KAUST team develops highly stable and industry-ready perovskite-silicon tandem solar cell

Researchers from King Abdullah University of Science and Technology (KAUST) have fabricated efficient, two-terminal monolithic perovskite-silicon tandem solar cells and tested them outdoors. The tandem device that resulted from this research was found to be more stable than conventional perovskite cells and, importantly, optimized for use in industry.

Perovskite/silicon cells under test at KAUST outdoor facility imagePerovskite/silicon cells under test at KAUST outdoor facility

The findings of KAUST Research Scientists Dr. Erkan Aydin and Dr. Thomas Allen, and colleagues in Professor Stefaan De Wolf's group, indicate that the temperature dependence of both the silicon and perovskite bandgaps'which follow opposing trends'shift the current-matching-optimization point away from that for two-terminal tandems under standard test conditions.

'These findings imply that the ideal bandgap of the perovskite cell for optimal device performance should be lower than previously thought. Such lower-bandgap perovskites are known to be much more stable,' said De Wolf.

The team's finding could hold great promise for the commercialization of perovskite-silicon tandem solar cells. Their findings indicate that bromide-lean perovskite top cells, with narrower bandgaps at standard test conditions are potentially the best way forward to boost the efficiency of conventional silicon solar cells.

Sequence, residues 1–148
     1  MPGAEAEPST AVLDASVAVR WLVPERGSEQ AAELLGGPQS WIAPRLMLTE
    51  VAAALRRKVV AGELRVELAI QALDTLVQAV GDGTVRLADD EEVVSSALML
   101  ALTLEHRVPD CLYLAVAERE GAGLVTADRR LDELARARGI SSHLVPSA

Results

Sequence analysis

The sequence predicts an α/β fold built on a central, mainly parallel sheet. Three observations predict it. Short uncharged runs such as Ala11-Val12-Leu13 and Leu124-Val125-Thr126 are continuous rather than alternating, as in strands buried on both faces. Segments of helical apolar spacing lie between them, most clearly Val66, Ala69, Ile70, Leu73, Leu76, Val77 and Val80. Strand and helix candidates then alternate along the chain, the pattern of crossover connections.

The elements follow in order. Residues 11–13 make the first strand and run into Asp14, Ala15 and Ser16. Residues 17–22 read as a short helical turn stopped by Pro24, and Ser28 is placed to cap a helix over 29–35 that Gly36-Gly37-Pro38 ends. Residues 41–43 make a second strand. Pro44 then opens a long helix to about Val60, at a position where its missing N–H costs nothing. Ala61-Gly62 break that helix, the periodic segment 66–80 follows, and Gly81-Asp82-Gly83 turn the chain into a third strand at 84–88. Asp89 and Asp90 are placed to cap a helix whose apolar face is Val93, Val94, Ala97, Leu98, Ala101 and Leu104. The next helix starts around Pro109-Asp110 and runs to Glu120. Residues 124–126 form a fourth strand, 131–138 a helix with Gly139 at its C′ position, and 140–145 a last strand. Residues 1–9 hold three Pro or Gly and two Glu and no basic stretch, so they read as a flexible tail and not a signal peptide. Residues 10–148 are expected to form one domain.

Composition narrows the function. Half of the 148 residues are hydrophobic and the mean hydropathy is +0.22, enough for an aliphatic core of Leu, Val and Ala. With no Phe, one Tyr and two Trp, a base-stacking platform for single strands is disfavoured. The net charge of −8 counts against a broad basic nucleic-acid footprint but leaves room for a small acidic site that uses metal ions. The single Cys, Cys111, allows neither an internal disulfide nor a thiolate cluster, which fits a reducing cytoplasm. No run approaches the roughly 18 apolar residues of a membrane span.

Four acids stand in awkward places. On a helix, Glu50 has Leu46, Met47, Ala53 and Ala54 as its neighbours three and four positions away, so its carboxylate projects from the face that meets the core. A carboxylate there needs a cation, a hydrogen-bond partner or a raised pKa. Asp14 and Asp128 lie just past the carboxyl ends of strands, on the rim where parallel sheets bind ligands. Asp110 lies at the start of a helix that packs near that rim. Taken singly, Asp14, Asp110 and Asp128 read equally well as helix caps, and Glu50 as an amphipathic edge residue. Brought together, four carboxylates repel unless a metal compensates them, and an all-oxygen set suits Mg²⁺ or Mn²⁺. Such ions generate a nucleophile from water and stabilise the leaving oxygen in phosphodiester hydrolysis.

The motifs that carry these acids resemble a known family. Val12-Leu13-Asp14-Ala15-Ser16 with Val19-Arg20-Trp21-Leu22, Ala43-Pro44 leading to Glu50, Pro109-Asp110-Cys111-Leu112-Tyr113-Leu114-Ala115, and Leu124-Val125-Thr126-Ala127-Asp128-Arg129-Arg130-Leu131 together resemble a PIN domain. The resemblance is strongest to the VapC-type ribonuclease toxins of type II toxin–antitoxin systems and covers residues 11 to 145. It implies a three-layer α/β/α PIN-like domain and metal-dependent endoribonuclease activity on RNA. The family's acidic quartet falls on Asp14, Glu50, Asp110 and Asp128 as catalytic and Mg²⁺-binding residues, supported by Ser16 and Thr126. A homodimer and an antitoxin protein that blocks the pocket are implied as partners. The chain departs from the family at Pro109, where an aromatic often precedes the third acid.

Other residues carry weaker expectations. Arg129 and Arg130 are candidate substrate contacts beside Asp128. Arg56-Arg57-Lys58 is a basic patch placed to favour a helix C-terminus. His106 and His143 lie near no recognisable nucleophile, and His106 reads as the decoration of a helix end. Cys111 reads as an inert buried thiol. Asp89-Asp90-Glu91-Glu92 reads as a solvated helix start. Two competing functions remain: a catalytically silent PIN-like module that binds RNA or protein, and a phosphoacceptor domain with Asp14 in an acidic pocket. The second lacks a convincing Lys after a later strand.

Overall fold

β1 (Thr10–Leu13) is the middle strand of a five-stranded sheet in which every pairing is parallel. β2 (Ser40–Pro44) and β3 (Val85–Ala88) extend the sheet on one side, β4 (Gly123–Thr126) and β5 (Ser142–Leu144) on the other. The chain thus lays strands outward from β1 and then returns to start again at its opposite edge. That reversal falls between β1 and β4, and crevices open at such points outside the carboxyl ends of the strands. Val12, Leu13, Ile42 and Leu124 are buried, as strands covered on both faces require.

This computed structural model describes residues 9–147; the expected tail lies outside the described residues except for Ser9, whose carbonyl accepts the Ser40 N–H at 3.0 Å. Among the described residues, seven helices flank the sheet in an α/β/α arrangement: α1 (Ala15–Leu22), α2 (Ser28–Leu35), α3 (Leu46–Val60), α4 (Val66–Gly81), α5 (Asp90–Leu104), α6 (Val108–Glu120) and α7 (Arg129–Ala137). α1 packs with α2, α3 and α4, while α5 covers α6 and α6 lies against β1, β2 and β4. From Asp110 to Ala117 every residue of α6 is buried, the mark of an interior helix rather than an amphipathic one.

After fabrication, the tandem cells were put into the KAUST outdoor photovoltaic test field station, providing the first real operational test for such devices in KSA and confirming the improvement in performance.

'For years, the gold standard of solar power has been silicon, representing over 95% of the market. This publication is the first of its kind to report on tandem silicon-perovskite cells outdoors and demonstrate their viability'a critical next step for enabling new and more efficient solar technology to enter the market. We look forward to working with Dr. De Wolf through our impact-focused research translation program to scale up this technology, truly one of society's grand challenges,' said Vice President of Innovation and Economic Development (I&ED) at KAUST, Kevin Cullen.

Posted: Sep 15,2020 by Roni Peleg


Jan Thoren (not verified)

We cant wait to solarize our building composite panels

We would love to get a hold of r and d saples for testing. Please advise. Thanks Jan

Wed, 09/23/2020 - 02:15 Permalink